THE late mail was strong and Bob the Builder was more than a shade concerned about the consequences of failing to reach a compromise with angry jockeys over the whip issue.

If things turned nasty for the ‘little lads’ big Richie Callander had threatened to throw his size sixteen shoes at the podium during the media conference.

“Should we wear crash helmets?” asked Bob’s trusty sidekick, Andy, still suffering nightmares from the time he fell off his rocking horse as a kid.

Forget about the threat to the Spring Carnival and trying to explain to ‘Tricky Dicky’ how he had cost the TAB millions of dollars in turnover, this was a more serious threat for Builder Bob.

Big Richie had told his legion of fans on TVN that he would give up betting if jockeys were refused permission to use the whip. “Think about what that will do to the turnover,” Bob reminded fellow Board members.

To make matters worse Bob’s better half had lunched with a couple of the ‘girls’ back home at the Coast and they had relayed a tip that the jockeys were planning a ‘get square’ as well.

It was something hatched after watching that Serena ‘Junk In the Trunk’ lass threaten to shove a tennis ball down the throat of a lineswoman after a couple of questionable calls at the US Open.

Some nasty little hobbit had suggested they should shove one of their padded whips where the Sun never shines for Bob. “Perhaps we should fit you out with one of those protectors the cricketers wear,” suggested Andy.

It wasn’t worth the risk. There was no choice but to compromise. But what about the animal welfare lobby? Let them stand up on the podium and dodge Big Richie’s size sixteen’s.

If only the jockeys had appointed ‘Bossy’ as their mediator, thought Bob. He was a ‘pushover’ in that interview on Melbourne Racing Radio. “I almost felt like he was on our side,” the Builder confided in his trusty sidekick. “Perhaps he was still suffering from the after-effects of the shellacking he copped from that double-barreled named trainer bloke.”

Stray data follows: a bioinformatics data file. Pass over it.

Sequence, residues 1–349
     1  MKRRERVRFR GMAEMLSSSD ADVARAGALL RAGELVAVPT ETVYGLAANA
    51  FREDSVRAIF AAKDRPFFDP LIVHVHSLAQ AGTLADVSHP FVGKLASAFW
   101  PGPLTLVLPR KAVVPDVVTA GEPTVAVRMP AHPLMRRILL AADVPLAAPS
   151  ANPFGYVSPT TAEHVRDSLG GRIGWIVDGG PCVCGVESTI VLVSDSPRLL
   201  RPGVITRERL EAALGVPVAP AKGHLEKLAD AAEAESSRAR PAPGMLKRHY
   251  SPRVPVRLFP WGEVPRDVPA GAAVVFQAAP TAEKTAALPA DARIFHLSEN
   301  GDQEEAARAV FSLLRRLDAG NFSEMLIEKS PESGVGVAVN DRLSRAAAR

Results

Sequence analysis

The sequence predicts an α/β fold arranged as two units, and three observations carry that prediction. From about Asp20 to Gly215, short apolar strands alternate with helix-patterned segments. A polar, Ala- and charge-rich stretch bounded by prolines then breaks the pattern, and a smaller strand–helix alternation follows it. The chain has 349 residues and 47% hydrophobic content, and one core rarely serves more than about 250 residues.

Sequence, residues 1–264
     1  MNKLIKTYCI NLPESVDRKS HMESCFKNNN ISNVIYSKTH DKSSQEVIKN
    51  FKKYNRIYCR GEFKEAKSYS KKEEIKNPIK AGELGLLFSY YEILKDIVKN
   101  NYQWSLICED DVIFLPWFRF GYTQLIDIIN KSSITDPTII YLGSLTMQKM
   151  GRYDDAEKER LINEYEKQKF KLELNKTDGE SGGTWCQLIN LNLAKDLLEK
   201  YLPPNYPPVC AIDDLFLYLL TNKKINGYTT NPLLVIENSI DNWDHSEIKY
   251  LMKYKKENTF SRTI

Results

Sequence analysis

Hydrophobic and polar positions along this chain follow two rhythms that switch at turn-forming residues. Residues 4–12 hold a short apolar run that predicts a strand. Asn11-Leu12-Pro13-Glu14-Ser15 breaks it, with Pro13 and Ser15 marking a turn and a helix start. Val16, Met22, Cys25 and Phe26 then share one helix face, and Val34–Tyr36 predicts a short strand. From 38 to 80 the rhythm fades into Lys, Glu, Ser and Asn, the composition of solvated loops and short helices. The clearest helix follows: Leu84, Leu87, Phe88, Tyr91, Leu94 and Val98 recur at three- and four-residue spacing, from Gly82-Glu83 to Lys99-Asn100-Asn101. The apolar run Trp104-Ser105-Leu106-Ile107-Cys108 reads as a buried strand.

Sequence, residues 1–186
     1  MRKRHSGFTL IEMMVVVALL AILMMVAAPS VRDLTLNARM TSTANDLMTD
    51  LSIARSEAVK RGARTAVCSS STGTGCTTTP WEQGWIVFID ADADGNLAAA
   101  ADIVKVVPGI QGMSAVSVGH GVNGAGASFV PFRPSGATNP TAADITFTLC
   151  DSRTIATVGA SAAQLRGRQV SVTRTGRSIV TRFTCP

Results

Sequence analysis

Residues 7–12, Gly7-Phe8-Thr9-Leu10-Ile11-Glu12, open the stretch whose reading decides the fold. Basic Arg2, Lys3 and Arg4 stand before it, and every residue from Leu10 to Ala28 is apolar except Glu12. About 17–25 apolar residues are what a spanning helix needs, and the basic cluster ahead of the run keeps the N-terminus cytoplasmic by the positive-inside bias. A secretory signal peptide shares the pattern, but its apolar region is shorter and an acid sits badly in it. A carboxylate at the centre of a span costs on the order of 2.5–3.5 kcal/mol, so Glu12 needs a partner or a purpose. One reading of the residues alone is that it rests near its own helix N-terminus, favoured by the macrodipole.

But this problem wouldn’t exist if only he had remembered to lock Big Razor in his kennel back at stewards’ headquarters in Sydney. After all they had the dispensation of the animal welfare mob to use these padded whips until some smarty pants started grandstanding.

There was no need for any changing of the rules. The vets had come to the party and convinced the protestors that the padded whips caused no harm to the horse – and they didn’t.

Bob had living proof of that after giving Sammy the Shetland pony fifty blood-curdling lashes for roaming in the back door of the farm house and munching on that autographed portrait of ‘Tony the Tosser’ – Queensland racing’s answer to Arfa Dunger.

What we have to do is produce a compromise that is so confusing that no-one – especially the jockeys – will understand it, thought Bob. A master-stroke, said Andy, almost sounding like Sherlock’s Dr Watson.

And that’s what they did – but as Andy was quick to point out they had, in the process, created yet another nightmare for racing officialdom.

“We’ll almost need a bean counter to determine the number of times each jockey has hit his horse in the run to the line and if they have breached the rules,” Andy said. “Think of the extra cost of employing these people at every venue across the land. Who’s going to pay for that?”

Bob went for the blood pressure pills washing them down with a dash of sparkling mineral water from the Crown Towers mini-bar, rather than risk that muddy stuff that comes out of the taps in Melbourne.

He thought back to the team of stewards he had assembled in more recent times at home in Queensland. “They don’t teach these young fellows to spell or count these days. Where am I going to get a stipe who can count to seven without taking his shoes and socks off?” he asked out loud.

“What about that bloke you had trouble finding a job for up there? You know the one that they had doing the speed maps that had all the horses that normally settle back in the field up the front,” Andy asked.

Couldn’t use him, Bob thought to himself. He has to get his missus to help him take his shoes off. Maybe if we just pretend that someone is counting the number of hits, no-one will know the difference.